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Forces of Nature: New Perspectives on Korean Environments

Bringing together a multidisciplinary conversation about the entanglement of nature and society in the Korean peninsula, Forces of Nature aims to define and develop the field of the Korean environmental humanities. At its core, the volume works to foreground non-human agents that have long been marginalized in Korean studies, placing flora, fauna, mineral deposits, and climatic conditions that have hitherto been confined to footnotes front and center. In the process, the authors blaze new trails through Korea’s social and physical landscapes.

What emerges is a deeper appreciation of the environmental conflicts that have animated life in Korea. The authors show how natural processes have continually shaped the course of events on the peninsula—how floods, droughts, famines, fires, and pests have inexorably impinged on human affairs—and how different forces have been mobilized by the state to variously, control, extract, modernize, and showcase the Korean landscape. Forces of Nature suggestively reveals Korea’s physical landscape to be not so much a passive context to Korea’s history, but an active agent in its transformation and reinvention across centuries.

With support from the Henry Luce Foundation, our goal is to produce all titles in this series both in Open Access, for reasons of global accessibility and equity, as well as in print editions.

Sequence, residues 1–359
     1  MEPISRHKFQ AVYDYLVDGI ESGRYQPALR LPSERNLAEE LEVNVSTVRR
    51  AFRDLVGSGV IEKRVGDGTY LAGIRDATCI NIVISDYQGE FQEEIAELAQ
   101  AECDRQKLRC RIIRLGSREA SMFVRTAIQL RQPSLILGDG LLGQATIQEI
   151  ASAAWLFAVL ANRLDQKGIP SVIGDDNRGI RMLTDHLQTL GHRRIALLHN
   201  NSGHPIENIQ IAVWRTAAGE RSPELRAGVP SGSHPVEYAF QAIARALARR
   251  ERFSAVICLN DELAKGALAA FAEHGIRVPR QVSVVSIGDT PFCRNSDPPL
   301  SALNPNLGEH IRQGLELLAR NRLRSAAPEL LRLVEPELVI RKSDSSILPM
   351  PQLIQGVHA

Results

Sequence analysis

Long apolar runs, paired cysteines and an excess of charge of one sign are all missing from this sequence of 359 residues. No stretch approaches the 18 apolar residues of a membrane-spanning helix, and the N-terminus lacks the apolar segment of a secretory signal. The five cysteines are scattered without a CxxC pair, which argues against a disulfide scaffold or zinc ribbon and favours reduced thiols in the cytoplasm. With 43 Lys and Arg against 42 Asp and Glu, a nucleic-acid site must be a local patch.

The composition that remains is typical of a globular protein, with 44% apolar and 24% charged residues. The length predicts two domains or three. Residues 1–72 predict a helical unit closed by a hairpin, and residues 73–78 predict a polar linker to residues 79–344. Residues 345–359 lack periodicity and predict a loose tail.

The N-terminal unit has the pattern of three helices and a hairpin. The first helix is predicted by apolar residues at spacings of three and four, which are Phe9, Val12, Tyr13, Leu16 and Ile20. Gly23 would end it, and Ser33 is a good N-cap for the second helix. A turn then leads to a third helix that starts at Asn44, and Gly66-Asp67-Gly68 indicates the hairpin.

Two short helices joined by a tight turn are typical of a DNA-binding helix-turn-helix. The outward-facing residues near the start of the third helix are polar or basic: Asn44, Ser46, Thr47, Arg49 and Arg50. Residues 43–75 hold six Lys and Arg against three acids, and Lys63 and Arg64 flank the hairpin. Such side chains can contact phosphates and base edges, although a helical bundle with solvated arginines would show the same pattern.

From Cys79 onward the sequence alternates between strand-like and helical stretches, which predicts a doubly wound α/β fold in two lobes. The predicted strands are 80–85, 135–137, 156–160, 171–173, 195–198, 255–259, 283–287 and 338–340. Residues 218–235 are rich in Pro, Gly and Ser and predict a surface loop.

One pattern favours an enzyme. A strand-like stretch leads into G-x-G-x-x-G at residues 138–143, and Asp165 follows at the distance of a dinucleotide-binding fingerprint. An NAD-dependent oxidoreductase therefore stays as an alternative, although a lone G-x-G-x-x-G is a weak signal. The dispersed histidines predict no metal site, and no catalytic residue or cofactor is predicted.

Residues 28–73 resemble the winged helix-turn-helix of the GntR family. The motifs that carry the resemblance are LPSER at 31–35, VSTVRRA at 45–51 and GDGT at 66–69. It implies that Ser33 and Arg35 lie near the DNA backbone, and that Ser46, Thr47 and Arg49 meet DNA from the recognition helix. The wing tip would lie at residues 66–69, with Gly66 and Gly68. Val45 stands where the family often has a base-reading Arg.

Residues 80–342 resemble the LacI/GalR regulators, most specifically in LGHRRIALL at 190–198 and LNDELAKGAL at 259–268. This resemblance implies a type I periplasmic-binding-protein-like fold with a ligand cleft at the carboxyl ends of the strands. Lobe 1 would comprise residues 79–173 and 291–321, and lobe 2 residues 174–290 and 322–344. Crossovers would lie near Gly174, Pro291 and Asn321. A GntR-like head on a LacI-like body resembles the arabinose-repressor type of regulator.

David Fedman is Associate Professor of History at the University of California, Irvine. He is the author of Seeds of Control.

Eleana Kim is Associate Professor of Anthropology, University of California, Irvine. She is the author of Adopted Territory and Making Peace with Nature.

Albert L. Park is the Bank of America Associate Professor of Pacific Basin Studies at Claremont McKenna College of The Claremont Colleges. He is the author of Building a Heaven on Earth.

Source: publisher’s website


General Introduction: Whose Nature? Centering the Environment in Korean Studies – David Fedman
Geographical Introduction: Biography of the Korean Peninsula in Maps – Marc Los Huertos and Albert L Park

Imperial Interventions: Introduction To Part I – David Fedman

  1. A State of Ranches and Forests: The Environmental Legacy of the Mongol Empire in Korea – John S Lee
  2. Dammed Fish: Piscatorial Developmentalism and the Remaking of the Yalu River – Joseph Seeley

Crisis and Response: Introduction to Part II – Eleana J Kim

  1. The Politics of Frugality: Environmental Crisis and Artistic Production in Eighteenth-Century Korea – Sooa Im McCormick
  2. Between Memory and Amnesia: Seoul’s Nanjido Landfill, 1978–1993 – Hyojin Pak
  3. North Korea Caught between Developmentalism and Humanitarianism – Ewa Eriksson Fortier and Suzy Kim

Processes of Dispossession: Introduction to Part III – Albert L Park

  1. Rice Fields, Mountains, and the Invisible Meatification of Korean Agriculture – Anders Riel Muller (Yeonjun Song)
  2. The Eco-zombies of South Korean Cinema: Consumerism, Carnivores, and Eco-criticism – Lindsay SR Jolivette

Reclaiming Life: Introduction to Part IV – Eleana J Kim

  1. Communal Environmentalism in the History of the Organic Farming Movement in South Korea – Yonjae Paik
  2. Gotjawal: The Promise of Becoming Wild – Jeongsu Shin
  3. South Korea’s Nuclear-Energy Entanglements and the Timescales of Ecological Democracy – Nan Kim

Epilogue: On Everyday Ecologies and Systems of Mediation – Albert L Park and Eleana J Kim

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